- Does it have a complete contact address?
2. Is the information published reliable, complete and up to date?
- Does the site provide balanced information, including details of both the advantages and risks of the medicine?
- Is the initial information source reliable?
- Does it contain links to unreliable sites?
- Check on all the information by using other sources and discuss it with your physician or pharmacist.
3. Does the information correspond to your needs?
- Find out who is targeted by the information (qualified medical personnel, companies, the general public/patients, potential buyers.
- Does it answer your questions?
Use this reminder on your favourite web pages about medicines in order to check what seems to be alright and what seems to be suspect to you.
The medical information reliability check may take a lot of time, but it does not take long for a certain alert degree:
- Ask the right questions!
- Use your own common sense!
- Never provide your personal data, unless you are sure that web pages are ensured by a personal data protection mechanism!
- Discuss about the information you have found on the Internet with you doctor or pharmacist.
Things that should make you suspicious:
- Guaranteed immediate and sensational results
- Claims that the treatment presents a "magic cure" or secret recipes
- Testimonials from professionals or patients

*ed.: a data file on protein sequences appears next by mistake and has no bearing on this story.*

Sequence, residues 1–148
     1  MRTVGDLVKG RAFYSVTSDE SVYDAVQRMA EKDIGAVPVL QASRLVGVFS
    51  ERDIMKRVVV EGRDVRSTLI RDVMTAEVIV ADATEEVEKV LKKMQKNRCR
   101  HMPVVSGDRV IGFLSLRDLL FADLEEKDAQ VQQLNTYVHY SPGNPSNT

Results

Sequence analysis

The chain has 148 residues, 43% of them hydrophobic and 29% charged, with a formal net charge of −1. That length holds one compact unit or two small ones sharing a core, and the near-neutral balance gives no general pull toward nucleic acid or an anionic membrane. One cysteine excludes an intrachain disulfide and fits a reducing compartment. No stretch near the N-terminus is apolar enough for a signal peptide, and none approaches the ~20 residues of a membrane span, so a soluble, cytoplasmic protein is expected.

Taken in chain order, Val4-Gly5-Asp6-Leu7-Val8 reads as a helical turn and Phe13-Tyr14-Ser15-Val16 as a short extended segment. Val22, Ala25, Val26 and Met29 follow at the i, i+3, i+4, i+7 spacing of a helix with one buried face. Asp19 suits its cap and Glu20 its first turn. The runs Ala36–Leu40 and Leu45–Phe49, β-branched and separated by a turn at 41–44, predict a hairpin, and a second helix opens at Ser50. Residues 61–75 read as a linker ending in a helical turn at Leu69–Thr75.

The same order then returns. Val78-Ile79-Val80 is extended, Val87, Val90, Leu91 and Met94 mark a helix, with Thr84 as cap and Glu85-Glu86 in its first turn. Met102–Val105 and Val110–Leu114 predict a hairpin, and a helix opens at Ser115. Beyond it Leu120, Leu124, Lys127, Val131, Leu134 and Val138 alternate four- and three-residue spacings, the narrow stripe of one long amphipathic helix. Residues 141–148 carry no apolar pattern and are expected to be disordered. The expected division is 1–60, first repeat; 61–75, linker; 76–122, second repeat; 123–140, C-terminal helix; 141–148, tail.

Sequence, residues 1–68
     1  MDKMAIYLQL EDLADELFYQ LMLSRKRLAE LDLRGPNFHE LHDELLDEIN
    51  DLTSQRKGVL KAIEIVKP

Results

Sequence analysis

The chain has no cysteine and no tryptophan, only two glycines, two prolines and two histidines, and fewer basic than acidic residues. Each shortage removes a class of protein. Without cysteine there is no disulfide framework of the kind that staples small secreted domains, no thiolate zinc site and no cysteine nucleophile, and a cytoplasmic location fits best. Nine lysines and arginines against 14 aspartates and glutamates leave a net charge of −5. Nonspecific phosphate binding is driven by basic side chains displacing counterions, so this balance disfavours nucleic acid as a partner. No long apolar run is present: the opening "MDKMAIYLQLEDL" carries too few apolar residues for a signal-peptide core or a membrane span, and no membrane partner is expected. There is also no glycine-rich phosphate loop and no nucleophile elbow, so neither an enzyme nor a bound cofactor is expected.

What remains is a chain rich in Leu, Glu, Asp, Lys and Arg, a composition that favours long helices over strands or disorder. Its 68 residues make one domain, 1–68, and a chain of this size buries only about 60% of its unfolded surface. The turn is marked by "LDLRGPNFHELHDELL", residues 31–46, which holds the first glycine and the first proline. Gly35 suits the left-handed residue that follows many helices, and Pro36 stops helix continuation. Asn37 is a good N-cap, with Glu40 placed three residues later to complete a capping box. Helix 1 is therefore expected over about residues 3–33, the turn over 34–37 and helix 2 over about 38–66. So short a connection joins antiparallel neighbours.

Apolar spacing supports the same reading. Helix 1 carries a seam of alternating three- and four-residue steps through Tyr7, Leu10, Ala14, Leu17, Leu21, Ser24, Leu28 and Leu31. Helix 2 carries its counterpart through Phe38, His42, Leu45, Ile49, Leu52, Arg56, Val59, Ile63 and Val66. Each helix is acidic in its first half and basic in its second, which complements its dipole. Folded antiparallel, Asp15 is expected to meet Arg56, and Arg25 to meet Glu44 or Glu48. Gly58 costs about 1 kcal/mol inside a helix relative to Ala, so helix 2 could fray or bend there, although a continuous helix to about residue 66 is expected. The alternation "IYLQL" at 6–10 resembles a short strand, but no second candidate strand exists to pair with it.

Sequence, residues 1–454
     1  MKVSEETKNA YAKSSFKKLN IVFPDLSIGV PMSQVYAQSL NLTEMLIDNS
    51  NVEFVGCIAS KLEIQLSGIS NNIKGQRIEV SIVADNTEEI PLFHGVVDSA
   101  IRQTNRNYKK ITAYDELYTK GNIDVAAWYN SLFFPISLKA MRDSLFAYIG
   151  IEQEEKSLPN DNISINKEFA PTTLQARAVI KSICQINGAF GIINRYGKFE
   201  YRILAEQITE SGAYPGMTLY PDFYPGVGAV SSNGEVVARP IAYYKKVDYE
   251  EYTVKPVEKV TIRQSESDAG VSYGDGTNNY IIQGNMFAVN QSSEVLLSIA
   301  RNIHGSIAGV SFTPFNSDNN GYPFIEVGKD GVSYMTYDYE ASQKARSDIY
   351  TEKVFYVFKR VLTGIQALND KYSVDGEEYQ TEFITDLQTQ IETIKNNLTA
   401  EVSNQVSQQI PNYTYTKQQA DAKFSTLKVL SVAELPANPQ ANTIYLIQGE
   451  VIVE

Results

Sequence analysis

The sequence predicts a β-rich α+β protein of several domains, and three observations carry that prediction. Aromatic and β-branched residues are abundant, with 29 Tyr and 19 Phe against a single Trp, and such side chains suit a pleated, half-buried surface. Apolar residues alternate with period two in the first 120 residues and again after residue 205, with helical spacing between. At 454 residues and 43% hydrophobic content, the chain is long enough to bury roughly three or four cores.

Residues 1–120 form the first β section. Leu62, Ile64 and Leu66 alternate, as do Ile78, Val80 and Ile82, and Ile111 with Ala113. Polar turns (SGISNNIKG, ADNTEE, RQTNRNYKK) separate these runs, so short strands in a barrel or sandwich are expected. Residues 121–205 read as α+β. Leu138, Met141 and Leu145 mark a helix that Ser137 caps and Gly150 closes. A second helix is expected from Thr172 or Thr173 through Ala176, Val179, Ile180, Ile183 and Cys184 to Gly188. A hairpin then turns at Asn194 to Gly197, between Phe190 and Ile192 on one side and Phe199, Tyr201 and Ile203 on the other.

- Claims that the medicine is effective against a broad spectrum of diseases and that is suitable for anyone
- Web pages without a full address, offering contacts exclusively via e-mail
- Aggressive sales approach, i.e. complicating the closure of web pages
Please consult your doctor or pharmacist, should you need a prescription or a medical prescription.
Check on the retail place, whether it is authorised for sale or offer of these products and services (check with the Croatian Authorities).
If you do not feel well, ask your doctor!
Choose reliable medicines!
Buy only those medicines that are authorised in the Republic of Croatia (the marketing authorisation is granted by the Agency for Medicinal Products and Medical Devices) and buy them only at authorised places. Consult with your health care professional (doctor or pharmacist) to ensure the appropriate use of medicines.
Approved and quality medicines are placed on the market by authorised entities at authorised retail sites that are approved by competent authorities in Croatia (Agency for Medicinal Products and Medical Devices, Ministry of Health).
WARNING: In the Republic of Croatia it is forbbiden to import medicines that have been ordered via the Internet or mail. Every such medicine that arrives in Customs will not be delivered to the person that has ordered it due to a suspect in the origin and the quality of the medicine, given that in that case, the product has not been approved and assessed by the Agency for Medicinal Products and Medical Devices (HALMED). Consult your doctor, should you need a medicine that is not approved in the Republic of Croatia. It is possible to import such medicines for patient's needs, on his own responsability and based on the doctor's prescription, via authorised wholesalers after providing previously the permission of the Agency for Medicinal Products and Medical Devices (HALMED).
Bear in mind that by buying medicines from websites, you expose yourself to a huge risk!
The following websites offer more specific information:
- "Core message of user-oriented guidance", guide for searching sources of medical informations for lay persons, drafted by the Committee of Experts on Pharmaceutical Questions, Council of Europe, October 2003
- Health on the Net Foundation
- Quality Criteria for Health related Websites. Communication from the European Commission, 2002
- European Medicines Agency, EMA: links to other websites